Sometimes I struggle with what “Hands Free” parts of my life to share with my readers. I often think, “This story is too simple; it doesn’t have some grand revelation or painful admission.” But over the last few weeks, tragic events have come to our attention. Sadly, they are no longer unusual stories; they happen every single day to people just like you and me.
This post is dedicated to those who have suffered the ultimate loss of someone they love and would do anything for one last goodbye.
Are there times when you suddenly realize something you used to do for your child or grandchild is no longer needed?
Like when it occurs to you that you no longer need to hold him or her up to get a drink at a certain water fountain.
Or how the step stool he or she uses to help you in the kitchen is no longer required.
The worst is when you realize a word she couldn’t say correctly for the longest time (at our house it was ‘hanitizer’ instead of ‘hand sanitizer’ and ‘errupting’ instead of ‘interrupting’) now slides off her tongue with perfect pronunciation.
When that moment of realization hits me – that she grew up a little bit more somewhere between then and now – I feel like I’ve been punched in the gut.
It feels like a miniature loss. And when this realization occurs, I experience a brief period of mourning knowing I will never hear the word “pasgetti” or see another backwards “s” again.
I became aware of one such loss as I waited to pick up my kindergartener in the carpool line recently. On this particular day, I could hardly wait to see her. For some reason, I was longing to hold her.
And then it hit me – one of those miniature losses.
Throughout the first several months of kindergarten, it was a tradition, a daily ritual, for us to exchange a hug and kiss before she got into the car to go to school. She never left without this expression of love for three solid months.
But now, it doesn’t happen anymore.
I racked my brain … when had it stopped?
I felt ashamed — I didn’t know.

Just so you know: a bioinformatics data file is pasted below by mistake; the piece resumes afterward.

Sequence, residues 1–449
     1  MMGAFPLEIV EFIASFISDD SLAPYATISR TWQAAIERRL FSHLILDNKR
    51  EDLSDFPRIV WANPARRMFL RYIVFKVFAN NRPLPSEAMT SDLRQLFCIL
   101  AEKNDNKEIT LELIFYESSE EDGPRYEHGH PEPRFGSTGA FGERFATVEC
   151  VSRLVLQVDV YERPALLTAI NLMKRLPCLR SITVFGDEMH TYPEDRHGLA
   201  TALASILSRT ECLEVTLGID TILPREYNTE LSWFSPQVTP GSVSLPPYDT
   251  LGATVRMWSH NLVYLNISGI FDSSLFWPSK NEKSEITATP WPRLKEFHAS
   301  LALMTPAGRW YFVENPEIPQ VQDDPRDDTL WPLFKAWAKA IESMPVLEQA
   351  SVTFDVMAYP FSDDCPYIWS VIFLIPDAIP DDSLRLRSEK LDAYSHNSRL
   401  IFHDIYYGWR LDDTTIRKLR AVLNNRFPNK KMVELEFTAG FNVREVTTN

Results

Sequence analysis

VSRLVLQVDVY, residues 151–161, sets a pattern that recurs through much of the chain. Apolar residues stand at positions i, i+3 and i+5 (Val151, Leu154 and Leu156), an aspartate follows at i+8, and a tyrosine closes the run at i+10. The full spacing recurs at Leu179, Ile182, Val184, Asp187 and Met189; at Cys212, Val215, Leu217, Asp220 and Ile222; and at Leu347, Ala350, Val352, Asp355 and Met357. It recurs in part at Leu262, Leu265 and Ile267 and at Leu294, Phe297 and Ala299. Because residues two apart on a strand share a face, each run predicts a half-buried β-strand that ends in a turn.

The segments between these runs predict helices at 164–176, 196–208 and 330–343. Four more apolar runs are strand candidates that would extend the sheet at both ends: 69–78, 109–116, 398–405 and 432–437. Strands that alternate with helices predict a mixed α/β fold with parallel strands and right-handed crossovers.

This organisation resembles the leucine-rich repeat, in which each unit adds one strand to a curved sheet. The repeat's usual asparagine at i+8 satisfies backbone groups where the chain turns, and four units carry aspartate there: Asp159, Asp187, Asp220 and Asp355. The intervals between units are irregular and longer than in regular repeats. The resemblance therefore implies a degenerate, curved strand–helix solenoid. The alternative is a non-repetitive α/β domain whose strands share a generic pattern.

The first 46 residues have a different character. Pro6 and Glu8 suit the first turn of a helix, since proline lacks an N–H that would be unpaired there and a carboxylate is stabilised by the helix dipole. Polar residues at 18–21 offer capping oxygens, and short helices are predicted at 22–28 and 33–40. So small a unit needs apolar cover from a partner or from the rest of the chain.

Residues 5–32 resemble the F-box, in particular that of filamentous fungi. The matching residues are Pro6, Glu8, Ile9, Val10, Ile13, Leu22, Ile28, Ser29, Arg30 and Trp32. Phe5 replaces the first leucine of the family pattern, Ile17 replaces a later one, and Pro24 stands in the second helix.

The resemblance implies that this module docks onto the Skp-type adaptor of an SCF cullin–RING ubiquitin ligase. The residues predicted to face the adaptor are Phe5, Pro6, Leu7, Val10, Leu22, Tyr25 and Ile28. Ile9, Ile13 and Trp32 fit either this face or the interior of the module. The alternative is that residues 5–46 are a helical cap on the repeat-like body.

All I knew was that now my five-year-old just hops into our friend’s vehicle with a smile and a quick, “I love you, Mama!”
I am sure many people are out there thinking, “Actually, that is GOOD. That is what you want your child to do … become independent.”
I would agree … EXCEPT … I am on a journey to grasp the moments that matter.
And a hug and kiss before you leave the company of someone you love is at the top of my official Moments That Matter List. In fact, it just MIGHT hold the #1 position of what really matters in life.
And I had a sneaking suspicion my child still needed, welcomed, and treasured a morning goodbye hug and kiss, but the tradition had just gotten lost in the chaotic morning rush.
Daily Distraction strikes again.
Well, I wanted the daily ritual back.
And I had the power to make it happen.
Immediately I thought of the parents who didn’t have the power to make it happen, and I couldn’t help but cry for them.
Lately it seems there are more and more tragic losses of precious children. I force myself to read these heart-breaking stories, like this one, this one, this one, or this one to the very end because I need those wake-up calls. I need to be shaken with the realization that there very well could be a day when my child (or significant other) walks out that door and never walks back in.
And God forbid, it would occur on a day that I didn’t give a hug and kiss goodbye.
So that evening, when my youngest child and I got out her talk time journal at bedtime, I immediately confessed I had been feeling badly about something.
I said, “Remember how we used to ALWAYS hug and kiss before you went to school each morning?”
She nodded solemnly, and I continued.